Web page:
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IT as the Indispensable Partner - 20 Questions with Dave Watson


Dave WatsonIn today’s social, mobile, and cloud-driven IT world, the CIO (Chief Information Officer) has been labeled many things.  Leading an IT organization in times of relative calm is no easy task – to do so during industry upheaval and rising government regulation is even more challenging.  Rare among IT industry executives, Dave Watson has been both a CIO and an executive within a fast-paced SaaS software business.  Having sat on both sides of the IT supplier/buyer table, he brings a unique perspective to IT management and the challenges facing CIOs today.  IT industry executive and CIO Dave Watson joins us for 20 Questions – an MGI Research Interview Series with leading technology industry executives, innovators, and investors. ...(more)


For a full copy of the interview with Dave Watson, CLICK HERE.

Dave Watson is a senior IT executive with 25 years of delivering business solutions across a variety of business areas. From 2007 and until recently Dave was theCOO and CIO of MedeAnalytics. Dave joined MedeAnalytics from Kaiser Permanente in 2007. At Kaiser, Dave served as senior vice president and Chief Technology Officer, with direct responsibilities for long-term technology strategy, systems architecture and information security services across Kaiser’s hospitals, medical groups and insurance companies, serving nearly nine million members in nine states. Prior to Kaiser, Dave served in a variety of executive IT roles in the life sciences sector at Baxter Healthcare and at Allergan, Inc. Before his tenure in healthcare, Dave worked for recognized industry leaders such as Northrop Grumman and Mattel. Dave is a graduate of the University of Pennsylvania’s Wharton School’s Executive Development Program and holds a bachelor’s degree from the University of Southern California. Away from the office, Dave enjoys spending time with his family, deep sea fishing and advising a select group of healthcare and technology startups.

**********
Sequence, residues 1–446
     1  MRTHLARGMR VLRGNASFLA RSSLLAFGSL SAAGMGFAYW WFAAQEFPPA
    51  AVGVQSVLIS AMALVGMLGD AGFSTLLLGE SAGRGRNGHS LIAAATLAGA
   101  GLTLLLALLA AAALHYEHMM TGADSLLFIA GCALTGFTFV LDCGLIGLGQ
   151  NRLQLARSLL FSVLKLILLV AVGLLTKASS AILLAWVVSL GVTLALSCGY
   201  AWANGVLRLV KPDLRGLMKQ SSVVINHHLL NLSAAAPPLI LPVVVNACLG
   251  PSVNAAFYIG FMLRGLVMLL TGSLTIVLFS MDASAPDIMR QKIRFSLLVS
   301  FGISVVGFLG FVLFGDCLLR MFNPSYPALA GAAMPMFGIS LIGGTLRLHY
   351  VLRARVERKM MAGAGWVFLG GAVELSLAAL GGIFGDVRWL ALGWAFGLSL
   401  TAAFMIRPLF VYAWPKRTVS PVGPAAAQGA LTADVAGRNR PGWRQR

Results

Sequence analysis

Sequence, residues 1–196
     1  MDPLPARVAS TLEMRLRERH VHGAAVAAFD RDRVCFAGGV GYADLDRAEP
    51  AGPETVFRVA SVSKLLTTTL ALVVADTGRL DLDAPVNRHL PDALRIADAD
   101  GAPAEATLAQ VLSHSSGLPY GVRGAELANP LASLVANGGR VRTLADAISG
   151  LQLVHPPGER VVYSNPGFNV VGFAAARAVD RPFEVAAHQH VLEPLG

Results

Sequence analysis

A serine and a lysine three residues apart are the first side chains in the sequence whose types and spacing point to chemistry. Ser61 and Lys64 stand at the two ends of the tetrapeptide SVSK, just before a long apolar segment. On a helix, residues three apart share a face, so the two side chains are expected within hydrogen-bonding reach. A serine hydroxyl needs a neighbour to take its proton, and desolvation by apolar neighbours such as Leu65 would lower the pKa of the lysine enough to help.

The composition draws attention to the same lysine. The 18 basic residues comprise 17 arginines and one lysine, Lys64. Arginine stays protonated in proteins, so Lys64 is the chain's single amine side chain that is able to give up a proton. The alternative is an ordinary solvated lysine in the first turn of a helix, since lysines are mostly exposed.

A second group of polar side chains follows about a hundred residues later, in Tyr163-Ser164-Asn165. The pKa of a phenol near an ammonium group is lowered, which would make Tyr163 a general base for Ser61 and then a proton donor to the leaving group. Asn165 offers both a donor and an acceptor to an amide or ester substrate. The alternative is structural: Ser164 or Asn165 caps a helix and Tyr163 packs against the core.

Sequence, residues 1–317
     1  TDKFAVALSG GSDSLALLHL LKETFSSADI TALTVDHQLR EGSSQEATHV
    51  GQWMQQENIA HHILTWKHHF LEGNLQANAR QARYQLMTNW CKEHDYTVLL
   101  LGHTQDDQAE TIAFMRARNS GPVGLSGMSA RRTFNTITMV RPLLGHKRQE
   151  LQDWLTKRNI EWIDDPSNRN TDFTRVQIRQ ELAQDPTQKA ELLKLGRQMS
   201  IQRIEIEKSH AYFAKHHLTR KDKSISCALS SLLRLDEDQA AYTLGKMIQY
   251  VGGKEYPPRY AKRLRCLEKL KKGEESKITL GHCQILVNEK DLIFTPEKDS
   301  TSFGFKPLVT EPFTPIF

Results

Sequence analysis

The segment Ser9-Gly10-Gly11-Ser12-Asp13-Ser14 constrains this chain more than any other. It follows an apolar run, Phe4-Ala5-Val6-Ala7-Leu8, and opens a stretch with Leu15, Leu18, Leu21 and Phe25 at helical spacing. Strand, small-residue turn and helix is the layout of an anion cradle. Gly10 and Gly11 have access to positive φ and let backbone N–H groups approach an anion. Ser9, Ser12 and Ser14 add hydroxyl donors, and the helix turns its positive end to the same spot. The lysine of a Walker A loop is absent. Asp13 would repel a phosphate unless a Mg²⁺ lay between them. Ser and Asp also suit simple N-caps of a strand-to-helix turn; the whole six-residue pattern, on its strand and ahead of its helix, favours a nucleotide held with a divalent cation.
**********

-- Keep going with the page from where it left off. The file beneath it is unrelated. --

Andrew Dailey:  Welcome to MGI Research’s 20 Questions – interviews with leading technology executives, innovators, and investors.  Today’s guest is Dave Watson.  Welcome Dave.

Dave Watson: Hi Andrew, thanks for having me.

Andrew Dailey: You’ve had quite a career – you were part of the spin-out of Edwards Life Sciences from Baxter, were CTO of Kaiser Permanente during the implementation of EHR (electronic health records), and most recently have been a part of a SaaS company in the health care industry.  What do you see as the three key challenges facing CIOs today?

Dave Watson: There are many challenges facing CIOs today but the three I focus on in no particular priority are:  relevance, innovation and velocity. Relevance has a lot of moving parts but the essence is that you are contributing to business success.  To the extent that business leaders may view “IT people” as indistinguishable, relevance is grounded in business competence and relationship skills.  Innovation can have many parents but the CIO must stay current in technology and business trends and have some capacity to sponsor (even to suggest) experiments with the business.  Finally, velocity is more important than it has ever been.  The age of multi-year implementations is passing because business cycles are compressing and will not tolerate long IT cycles.

Andrew Dailey: Innovation versus cost savings – how should CIOs and business executives view IT – as a cost center or key enabler?

Dave Watson: Neither.  If IT is viewed as a cost center it fails the relevance test and deserves to report to the CFO and be subject to the financial optimization anvil.  IT as a "key enabler" is definitively higher on the company's Maslow hierarchy and demonstrates more value to the business but, - IT as the "indispensable partner" is where the fun is and is very hard to achieve.  The table stakes for admittance are effective management of finances and delivery, but to become the “indispensable partner” requires business acumen and influencing skills that many IT teams have not developed.  The indispensable partner has achieved relevance and demonstrated innovative thinking and velocity.